After doing a lot of searching online, I decided to go with a 100 watt panel from sunwindproducts. I was very happy with the customer service, prices and options. If you are in the market for solar or wind products, check them out. It's early in the game, but the panel seems to be doing exactly what it says it would and is putting the amps into the batteries as expected.
We decided to mount the panel to the stern rail with hinges that will allow it to be swung down in bad weather. Used a deck fitting for the wires, but other than that, it was straight forward.
The charge controller is a basic 7 amp unit from Sunforce. Since I only have the one panel generating less than 7 amps, I didn't see a need to spend hundreds of dollars on a bigger unit. It fits nicely behind the nav station making it easier to hook into the system. Both the solar panel and wind generator can be set by the main battery switch to charge what ever battery bank I want. Of course the house bank gets most of the juice, but in an unforeseeable happenstance that both banks are drained, I can send all the power to the starting battery and get the engine running.
These were all placed in a custom built panel that was mounted on the starboard side shelves above the quarter birth. It's a great feeling to know that when I flip a switch, it's going to work. It was a big job sifting through the rats nest that was there, but Ralph knocked this one out of the park.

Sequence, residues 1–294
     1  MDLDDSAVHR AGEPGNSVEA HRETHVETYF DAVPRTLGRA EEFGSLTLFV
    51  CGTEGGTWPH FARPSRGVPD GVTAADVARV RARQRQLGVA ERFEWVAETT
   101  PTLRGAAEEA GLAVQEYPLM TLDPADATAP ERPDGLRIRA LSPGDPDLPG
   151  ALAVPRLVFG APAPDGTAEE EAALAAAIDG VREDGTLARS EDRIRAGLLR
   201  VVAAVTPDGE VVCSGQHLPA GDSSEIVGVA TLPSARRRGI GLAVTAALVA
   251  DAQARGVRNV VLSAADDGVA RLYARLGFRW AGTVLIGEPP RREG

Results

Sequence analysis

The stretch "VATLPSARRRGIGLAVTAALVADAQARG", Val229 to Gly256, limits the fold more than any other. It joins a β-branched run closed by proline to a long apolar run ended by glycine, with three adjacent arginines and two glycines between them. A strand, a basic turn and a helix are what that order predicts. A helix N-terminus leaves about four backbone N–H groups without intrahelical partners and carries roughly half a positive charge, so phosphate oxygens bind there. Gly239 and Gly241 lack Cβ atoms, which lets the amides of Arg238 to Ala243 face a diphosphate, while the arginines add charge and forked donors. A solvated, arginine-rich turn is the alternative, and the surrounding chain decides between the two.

* As you might have noticed, I am still waiting for the new breaker panel labels to arrive. I promise there are no trim tabs on Skylark.
LPG Solenoid, Switch and Tank Locker
Skylark did not come with a propane tank locker, so we had to build one. Actually, we were able to get a "tub" that would fit a 20 pound tank that was left long ago and sitting in the marina. From there, Ralph cut a hole in the aft "seat" behind the tiller and mounted the tank from underneath. There was plenty of room below that area in the locker, so it was the perfect place for it. A spill hole, tube and through-hull were installed to get the propane gas overboard in case of a leak, the purpose really for the locker in the first place. A square water proof hatch was then installed over the tank making it very easy to replace when necessary.
In addition, a solenoid control switch was installed in the galley which operates the solenoid valve attached to the tank. This is a safety feature that allows you to easily turn the propane off from the galley as well as monitors pressure from the tank.
So that's it, time to start enjoying the fruits of out labor.